If you visit Sri Lanka between April and September and stay close to Rekawa beach, you will likely have an amazing experience: turtles!
In Sri Lanka, turtles are on the verge of extinction simply because of the human cruelty. One group of volunteers wanted to seek a remedy to this predicament. They formed a Turtle Conservation Project in 1986 to protect the sea turtles. Their main task is to watch out for turtles that come ashore to lay their eggs on the beach. They protect the eggs until they hatch.
If you are interested in visiting the conservation project, you do not have to do much. Drive down to Tangalle in southern Sri Lanka. However, it takes a few hours to reach Tangalle if you are in Colombo. The best solution in such an instance is to book a domestic flight like Cinnamon Air and have your time saved up. The most convenient option to reach the south is to take an air taxi. Sri Lanka now has domestic flights to make distance travel easy.
Once you are in the sea turtle farm, you will be surprised to see the little number of staffers working on a massive project. Turtles are considered a rare species on the earth. The historians indicate that the turtles are at least 100 million years old. That is to say, the turtles had existed even during the Dinosaurs’ age.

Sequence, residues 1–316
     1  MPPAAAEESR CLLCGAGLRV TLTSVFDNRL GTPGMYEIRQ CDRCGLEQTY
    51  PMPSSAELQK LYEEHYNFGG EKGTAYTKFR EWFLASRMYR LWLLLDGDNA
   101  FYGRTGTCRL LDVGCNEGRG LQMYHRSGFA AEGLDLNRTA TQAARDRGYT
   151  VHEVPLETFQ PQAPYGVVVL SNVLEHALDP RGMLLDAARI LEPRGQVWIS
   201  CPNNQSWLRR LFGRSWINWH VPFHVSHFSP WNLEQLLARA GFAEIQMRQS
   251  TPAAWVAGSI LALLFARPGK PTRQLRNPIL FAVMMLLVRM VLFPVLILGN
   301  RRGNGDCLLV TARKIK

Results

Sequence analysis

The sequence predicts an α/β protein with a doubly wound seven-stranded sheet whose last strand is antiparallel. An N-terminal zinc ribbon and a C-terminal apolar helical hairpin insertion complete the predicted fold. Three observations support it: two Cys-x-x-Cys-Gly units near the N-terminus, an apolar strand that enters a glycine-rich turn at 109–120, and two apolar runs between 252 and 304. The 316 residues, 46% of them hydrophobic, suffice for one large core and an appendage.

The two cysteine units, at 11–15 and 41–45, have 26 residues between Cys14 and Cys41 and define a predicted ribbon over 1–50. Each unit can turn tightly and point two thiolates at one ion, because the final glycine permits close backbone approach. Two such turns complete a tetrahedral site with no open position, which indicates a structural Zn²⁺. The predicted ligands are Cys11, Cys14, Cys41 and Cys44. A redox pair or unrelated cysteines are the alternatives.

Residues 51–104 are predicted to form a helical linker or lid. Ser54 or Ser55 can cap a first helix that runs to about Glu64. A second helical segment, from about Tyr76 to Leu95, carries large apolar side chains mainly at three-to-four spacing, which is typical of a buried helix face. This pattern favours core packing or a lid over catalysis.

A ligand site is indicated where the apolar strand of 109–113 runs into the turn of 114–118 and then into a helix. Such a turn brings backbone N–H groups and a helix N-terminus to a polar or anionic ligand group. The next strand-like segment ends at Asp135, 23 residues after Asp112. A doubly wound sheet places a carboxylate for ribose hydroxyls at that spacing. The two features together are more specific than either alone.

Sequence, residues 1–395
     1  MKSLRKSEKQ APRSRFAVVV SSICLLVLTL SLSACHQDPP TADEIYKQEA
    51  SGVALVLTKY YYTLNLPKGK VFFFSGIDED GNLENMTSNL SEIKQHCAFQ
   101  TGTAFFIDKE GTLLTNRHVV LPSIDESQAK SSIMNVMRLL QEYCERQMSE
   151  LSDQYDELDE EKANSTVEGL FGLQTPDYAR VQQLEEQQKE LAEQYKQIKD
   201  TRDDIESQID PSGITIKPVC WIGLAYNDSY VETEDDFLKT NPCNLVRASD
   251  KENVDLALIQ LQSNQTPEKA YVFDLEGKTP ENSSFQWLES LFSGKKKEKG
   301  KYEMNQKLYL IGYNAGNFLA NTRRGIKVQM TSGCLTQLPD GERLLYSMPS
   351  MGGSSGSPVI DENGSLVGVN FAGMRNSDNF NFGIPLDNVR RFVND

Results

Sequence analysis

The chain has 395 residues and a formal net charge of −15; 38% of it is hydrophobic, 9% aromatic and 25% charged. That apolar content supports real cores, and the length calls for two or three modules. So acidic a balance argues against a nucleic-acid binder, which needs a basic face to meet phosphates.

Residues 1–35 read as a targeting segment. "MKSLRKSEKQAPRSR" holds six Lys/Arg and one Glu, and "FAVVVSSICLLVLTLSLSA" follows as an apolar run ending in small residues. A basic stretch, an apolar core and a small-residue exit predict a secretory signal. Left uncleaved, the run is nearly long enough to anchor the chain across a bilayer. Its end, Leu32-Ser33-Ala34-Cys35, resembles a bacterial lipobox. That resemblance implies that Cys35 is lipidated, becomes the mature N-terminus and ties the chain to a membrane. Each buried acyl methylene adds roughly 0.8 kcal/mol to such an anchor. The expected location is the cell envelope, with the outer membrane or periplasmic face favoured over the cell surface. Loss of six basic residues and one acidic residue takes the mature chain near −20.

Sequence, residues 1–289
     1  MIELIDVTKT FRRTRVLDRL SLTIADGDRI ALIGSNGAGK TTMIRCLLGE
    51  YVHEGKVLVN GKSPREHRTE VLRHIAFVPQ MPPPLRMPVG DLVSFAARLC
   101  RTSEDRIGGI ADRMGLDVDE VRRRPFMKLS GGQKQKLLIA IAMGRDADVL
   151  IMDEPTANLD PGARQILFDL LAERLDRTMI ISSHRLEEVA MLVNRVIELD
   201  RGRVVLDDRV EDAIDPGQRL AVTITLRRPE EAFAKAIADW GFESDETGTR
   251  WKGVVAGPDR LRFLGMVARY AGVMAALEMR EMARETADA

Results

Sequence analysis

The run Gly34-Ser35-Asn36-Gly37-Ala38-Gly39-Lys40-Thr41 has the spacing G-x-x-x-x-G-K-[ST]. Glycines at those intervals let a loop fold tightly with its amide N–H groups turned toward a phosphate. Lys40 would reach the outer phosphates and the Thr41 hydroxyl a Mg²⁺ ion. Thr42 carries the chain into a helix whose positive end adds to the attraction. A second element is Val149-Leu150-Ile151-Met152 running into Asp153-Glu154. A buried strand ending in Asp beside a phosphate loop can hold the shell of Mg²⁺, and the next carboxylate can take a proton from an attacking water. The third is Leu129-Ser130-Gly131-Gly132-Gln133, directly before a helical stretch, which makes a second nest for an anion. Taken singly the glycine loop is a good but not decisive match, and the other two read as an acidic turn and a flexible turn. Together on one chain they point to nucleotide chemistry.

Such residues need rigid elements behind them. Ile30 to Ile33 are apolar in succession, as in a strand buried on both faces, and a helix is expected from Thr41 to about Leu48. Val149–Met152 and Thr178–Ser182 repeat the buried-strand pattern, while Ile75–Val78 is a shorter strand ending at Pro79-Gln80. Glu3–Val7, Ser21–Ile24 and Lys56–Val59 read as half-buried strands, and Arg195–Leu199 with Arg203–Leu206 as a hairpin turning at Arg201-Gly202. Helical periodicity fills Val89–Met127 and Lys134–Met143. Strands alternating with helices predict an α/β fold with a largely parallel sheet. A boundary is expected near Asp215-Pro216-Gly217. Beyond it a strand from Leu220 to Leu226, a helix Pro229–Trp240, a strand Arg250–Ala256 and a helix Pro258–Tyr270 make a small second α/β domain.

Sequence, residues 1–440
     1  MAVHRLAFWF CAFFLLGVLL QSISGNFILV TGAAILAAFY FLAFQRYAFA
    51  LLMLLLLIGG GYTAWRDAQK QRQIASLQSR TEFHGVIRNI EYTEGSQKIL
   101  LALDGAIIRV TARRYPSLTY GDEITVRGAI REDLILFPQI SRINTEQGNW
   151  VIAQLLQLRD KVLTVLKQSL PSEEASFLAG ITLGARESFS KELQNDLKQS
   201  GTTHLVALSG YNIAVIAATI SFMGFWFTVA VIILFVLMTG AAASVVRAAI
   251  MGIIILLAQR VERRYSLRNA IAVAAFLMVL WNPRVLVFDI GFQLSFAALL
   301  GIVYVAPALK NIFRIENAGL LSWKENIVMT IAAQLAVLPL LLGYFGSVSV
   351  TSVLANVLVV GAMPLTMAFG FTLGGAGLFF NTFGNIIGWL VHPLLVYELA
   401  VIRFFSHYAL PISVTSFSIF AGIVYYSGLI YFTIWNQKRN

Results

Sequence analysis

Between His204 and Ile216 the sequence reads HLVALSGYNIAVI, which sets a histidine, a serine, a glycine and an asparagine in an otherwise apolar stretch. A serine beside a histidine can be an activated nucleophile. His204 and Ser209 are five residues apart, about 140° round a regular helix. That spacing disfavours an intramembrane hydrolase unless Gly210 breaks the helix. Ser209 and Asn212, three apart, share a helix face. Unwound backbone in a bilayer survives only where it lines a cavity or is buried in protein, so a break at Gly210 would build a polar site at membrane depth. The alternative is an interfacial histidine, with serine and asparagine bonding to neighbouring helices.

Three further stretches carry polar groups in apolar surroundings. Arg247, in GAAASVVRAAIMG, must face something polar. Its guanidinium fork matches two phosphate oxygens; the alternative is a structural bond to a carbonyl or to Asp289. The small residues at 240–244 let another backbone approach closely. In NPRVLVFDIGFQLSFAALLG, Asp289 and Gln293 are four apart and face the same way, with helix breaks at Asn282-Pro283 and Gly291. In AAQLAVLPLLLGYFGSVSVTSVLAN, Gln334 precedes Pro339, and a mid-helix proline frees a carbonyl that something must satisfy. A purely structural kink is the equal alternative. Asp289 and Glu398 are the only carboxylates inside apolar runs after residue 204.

The turtles are said to meet in one spot of the ocean to mate annually. Following the mating session, the female turtle would come ashore to lay the eggs. That usually happens at nights. The general count of the eggs is 120 at a time. At the hatchery, you will get to see the eggs white in colour and in the shape of ping pong balls. After laying the eggs, these mothers would not care to keep the connection anymore.
The conservation project takes care of the eggs after these turtle mothers get back to the sea. They let the eggs hatch for about 60 days until they crack open. The newborns are about five centimetres in length.
Caleb Falcon is a travel writer who specializes in writing content based on the many exciting world adventures that await intrepid travellers. Google+